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Tianqi Lithium, which owns half of Greenbushes mine operator Talison Lithium, is spending $400 million building a processing plant in Kwinana.

Energy shift sparks lithium opportunity

It is not often that another Australian state does Western Australia a favour, but when South Australia turns on the world’s biggest battery, being built as part of its drive to overcome an electricity shortage, it will almost certainly be powered by WA-mined lithium.

That might not seem as important as the battery itself, which is one of many ambitious projects planned by Tesla car and renewable rocket entrepreneur, Elon Musk.

Assuming the battery works as promised, it will reinforce a powerful shift in the global energy business; and while WA’s oil and gas industry is the local energy leader, it might not be long before lithium achieves a similar prominence.

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Comments

Curtin University's Peter Newman has been promoting the concept of 'Lithium Valley', where academia and industry come together to work on all things related to energy storage off the back of WA's dominance in the lithium supply chain. Given man-made storage looks to be the way of the future (as opposed to storage provided by nature e.g. coal, gas ,etc), this would appear to be a very sensible pursuit. And given that batteries involve advanced manufacturing (as opposed to labour intensive manufacturing), why not look even further downstream? It makes more sense than shipping 6 per cent concentrate around the world and buying it back as a finished product. The only issue is that we are competing against countries where significant incentives are provided to encourage these sort of things. By the way, according to the US Geological Survey, WA supplied around 40 per cent of the world's lithium in 2016. Imagine what a country like China would do with that sort of leverage. Australia and Chile supply almost 80 per cent of the global market between them. Anyone think we should have a chat?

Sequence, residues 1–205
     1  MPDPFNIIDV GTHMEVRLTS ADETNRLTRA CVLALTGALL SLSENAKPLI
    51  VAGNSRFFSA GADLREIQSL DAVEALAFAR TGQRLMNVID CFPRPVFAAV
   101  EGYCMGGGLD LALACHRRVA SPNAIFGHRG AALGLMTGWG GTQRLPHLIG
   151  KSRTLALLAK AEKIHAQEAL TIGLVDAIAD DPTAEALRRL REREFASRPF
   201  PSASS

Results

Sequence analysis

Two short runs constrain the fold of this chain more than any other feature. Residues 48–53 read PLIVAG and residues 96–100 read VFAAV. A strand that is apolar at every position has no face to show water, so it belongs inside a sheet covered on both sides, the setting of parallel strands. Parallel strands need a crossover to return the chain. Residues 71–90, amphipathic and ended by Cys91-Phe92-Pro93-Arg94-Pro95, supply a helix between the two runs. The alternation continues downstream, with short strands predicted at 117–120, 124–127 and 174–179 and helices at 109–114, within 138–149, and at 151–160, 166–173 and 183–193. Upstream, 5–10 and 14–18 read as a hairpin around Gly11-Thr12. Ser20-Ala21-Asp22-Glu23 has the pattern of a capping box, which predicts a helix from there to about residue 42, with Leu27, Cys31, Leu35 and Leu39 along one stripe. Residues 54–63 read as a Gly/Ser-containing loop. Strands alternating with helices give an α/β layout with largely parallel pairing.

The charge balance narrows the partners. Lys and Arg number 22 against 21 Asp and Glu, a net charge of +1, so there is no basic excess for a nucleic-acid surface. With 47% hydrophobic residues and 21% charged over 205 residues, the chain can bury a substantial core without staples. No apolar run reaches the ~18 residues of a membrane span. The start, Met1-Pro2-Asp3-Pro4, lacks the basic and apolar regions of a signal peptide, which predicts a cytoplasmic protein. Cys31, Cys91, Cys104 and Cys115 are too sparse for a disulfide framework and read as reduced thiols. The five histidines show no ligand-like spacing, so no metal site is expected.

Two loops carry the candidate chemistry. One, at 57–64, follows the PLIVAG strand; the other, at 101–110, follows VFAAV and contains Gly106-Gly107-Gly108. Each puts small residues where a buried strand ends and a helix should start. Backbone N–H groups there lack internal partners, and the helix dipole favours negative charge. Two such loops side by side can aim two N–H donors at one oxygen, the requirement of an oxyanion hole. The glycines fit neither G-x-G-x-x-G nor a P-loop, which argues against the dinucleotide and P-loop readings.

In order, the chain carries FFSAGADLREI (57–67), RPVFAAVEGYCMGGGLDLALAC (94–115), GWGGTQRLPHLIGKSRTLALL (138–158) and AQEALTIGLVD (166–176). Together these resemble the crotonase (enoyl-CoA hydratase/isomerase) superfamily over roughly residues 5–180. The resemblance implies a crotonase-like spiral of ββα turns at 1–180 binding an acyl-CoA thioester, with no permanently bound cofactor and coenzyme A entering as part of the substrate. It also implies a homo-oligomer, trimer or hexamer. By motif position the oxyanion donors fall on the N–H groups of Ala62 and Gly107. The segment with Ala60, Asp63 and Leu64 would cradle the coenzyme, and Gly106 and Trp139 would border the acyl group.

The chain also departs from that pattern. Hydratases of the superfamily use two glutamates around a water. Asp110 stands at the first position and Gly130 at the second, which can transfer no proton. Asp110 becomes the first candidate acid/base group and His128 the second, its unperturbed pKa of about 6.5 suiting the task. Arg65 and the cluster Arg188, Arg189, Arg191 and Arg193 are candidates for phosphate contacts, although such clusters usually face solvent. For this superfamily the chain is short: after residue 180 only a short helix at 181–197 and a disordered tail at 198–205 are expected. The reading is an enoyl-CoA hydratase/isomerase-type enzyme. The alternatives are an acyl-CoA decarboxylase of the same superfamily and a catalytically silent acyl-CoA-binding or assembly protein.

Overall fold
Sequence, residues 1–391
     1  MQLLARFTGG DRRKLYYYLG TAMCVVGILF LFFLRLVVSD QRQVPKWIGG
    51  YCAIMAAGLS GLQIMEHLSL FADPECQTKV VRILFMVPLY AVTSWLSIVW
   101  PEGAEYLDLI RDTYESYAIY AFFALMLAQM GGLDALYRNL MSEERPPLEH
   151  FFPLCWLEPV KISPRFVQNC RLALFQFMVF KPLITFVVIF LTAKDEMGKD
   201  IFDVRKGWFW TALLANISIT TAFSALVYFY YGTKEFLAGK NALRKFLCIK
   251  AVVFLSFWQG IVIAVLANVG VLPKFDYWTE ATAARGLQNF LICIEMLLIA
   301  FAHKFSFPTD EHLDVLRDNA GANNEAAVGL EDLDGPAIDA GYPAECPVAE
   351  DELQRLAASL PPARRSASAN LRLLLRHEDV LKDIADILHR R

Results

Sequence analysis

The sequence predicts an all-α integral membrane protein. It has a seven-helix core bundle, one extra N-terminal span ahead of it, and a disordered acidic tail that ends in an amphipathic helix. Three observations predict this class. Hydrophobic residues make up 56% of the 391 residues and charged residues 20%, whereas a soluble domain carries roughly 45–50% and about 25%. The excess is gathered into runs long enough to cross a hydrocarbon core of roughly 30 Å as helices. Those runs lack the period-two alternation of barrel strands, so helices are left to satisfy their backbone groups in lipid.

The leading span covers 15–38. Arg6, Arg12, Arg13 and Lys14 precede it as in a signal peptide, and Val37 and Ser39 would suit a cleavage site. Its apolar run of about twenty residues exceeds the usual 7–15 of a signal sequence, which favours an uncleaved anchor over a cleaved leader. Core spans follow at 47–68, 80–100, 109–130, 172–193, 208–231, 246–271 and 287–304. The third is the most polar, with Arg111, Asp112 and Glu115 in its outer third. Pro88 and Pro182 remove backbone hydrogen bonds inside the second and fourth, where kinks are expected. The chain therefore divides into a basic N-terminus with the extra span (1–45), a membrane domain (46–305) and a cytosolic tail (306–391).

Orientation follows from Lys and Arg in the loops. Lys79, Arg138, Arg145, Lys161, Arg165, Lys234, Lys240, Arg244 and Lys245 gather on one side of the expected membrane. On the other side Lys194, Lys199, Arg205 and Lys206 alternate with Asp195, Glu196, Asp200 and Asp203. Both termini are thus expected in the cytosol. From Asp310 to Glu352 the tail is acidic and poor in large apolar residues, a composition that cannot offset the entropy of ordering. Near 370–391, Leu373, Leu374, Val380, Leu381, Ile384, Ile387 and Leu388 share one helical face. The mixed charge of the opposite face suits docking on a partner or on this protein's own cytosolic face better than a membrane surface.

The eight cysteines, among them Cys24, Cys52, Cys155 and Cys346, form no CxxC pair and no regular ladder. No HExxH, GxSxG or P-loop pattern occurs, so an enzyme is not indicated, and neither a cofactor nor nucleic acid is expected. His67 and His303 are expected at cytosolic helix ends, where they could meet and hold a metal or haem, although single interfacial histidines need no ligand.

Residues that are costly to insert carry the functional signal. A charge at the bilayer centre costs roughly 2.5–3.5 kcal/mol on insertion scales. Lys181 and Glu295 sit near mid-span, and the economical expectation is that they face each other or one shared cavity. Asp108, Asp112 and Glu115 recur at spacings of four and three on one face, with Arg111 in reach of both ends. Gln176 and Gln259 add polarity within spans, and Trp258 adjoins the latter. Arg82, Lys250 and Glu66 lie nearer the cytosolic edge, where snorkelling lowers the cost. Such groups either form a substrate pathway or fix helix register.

WA
Lithium is relatively scarce and mining rates are just about matching consumption at the moment. Current usage for batteries is somewhere below 0.001 per cent of its potential use if one is to believe comments coming from Volvo, Renault, Ford, Tesla, Mitsubishi and countries such as Norway, France, Sweden, Holland, India and China. The issues associated with a scarce resource, demand, and economics are going to be complex. These complexities will lead to other battery types, and maybe lithium is having its time in the sun, but its scarcity is its Achilles heel.

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